The All Progressives Congress Vice Presidential candidate, Prof. Yemi Osinbajo, has described as irresponsible, the ruling Peoples Democratic Party’s opposition to the use of card readers for the coming general elections.
Osinbajo wondered why the ruling party is afraid to support the use of electronic device that would give credibility to the electoral process, saying the PDP was jittery of its imminent loss.
Osinbajo spoke yesterday at the presentation of a book entitled: For The Love of Their Nation: Lawyers as Agents of Change in Nigeria, written by former Judiciary Editor of the Guardian, Kunle Ogunsakin, at the Lagos Airport Hotel, Ikeja.
He said: “It is a big surprise to everybody watching political events that the PDP that approved the card reader for the election suddenly finds something seriously wrong with the device. The card reader is to ensure that Permanent Voter Cards (PVCs) are not fake. It would be irresponsible for any political party to oppose the use of gadgets that would give credibility to electoral process. It sounds strange when the main political party says don’t let us authenticate the PVCs”.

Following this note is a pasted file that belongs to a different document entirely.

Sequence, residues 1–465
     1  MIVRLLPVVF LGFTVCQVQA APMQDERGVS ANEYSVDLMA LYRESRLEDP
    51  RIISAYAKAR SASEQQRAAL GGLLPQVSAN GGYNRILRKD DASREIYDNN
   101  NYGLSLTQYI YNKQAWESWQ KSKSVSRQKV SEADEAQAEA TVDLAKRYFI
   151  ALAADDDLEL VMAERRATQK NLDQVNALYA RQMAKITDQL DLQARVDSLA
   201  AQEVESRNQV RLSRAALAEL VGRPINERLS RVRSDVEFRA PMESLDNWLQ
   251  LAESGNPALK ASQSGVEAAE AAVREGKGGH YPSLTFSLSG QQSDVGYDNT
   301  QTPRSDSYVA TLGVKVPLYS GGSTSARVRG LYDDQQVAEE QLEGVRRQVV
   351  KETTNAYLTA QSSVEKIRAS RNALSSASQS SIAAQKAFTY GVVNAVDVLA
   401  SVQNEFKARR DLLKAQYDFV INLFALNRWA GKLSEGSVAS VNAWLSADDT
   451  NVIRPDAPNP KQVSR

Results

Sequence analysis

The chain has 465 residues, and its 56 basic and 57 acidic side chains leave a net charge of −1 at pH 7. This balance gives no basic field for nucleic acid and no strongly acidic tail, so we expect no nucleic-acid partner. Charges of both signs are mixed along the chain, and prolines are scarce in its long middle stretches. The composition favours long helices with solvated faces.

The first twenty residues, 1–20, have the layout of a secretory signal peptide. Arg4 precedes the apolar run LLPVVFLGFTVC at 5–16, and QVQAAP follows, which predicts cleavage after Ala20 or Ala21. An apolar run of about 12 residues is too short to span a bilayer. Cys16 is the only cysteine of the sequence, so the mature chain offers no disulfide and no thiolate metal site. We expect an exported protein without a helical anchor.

The APC vice presidential candidate added: “There is a lot of impunity in the country. Many people are losing faith in the ability of administration of justice system and indeed, the government to observe the tenet of the rule of law. We must return to observance of the rule of law and to holding government and its officials accountable for what they do. That can only come from exemplary leadership”.
Osinbajo traced the PDP-led federal government’s inability to account for billions lost when crude oil price was at $130 to lack of accountability, pointing out that Saudi Arabia saved $750 billion in the period of increased oil sale but Nigeria’s foreign reserve did not even rise.
Consequently, the former Lagos Attorney-General said corruption must be stopped for the nation to make meaningful progress, just as he noted that the book asked thought-provoking question about engendering accountability and justice in the country.
The book reviewer, Mr Dele Adesina, SAN, described the book as a “literary work of great significance”, noting the author’s knowledge of justice system made him an authority even though he is not a lawyer.